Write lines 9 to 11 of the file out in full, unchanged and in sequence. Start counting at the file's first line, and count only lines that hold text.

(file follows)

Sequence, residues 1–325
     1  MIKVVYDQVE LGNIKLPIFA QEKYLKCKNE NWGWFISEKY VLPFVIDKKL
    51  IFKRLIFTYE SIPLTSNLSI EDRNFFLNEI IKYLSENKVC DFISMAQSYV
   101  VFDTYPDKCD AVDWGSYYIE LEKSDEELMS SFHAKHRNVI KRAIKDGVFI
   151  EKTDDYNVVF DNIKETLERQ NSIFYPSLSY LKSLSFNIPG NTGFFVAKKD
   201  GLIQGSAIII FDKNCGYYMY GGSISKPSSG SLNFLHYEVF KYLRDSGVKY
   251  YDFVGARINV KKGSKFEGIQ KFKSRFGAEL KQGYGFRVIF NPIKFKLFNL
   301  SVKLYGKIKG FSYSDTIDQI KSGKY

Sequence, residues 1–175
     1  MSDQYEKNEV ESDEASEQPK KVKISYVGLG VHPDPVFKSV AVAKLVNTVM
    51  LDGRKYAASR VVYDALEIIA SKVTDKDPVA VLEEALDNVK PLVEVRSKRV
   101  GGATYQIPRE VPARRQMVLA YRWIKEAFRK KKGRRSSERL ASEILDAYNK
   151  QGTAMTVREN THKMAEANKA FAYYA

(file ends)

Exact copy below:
Sequence, residues 1–175
     1  MSDQYEKNEV ESDEASEQPK KVKISYVGLG VHPDPVFKSV AVAKLVNTVM
    51  LDGRKYAASR VVYDALEIIA SKVTDKDPVA VLEEALDNVK PLVEVRSKRV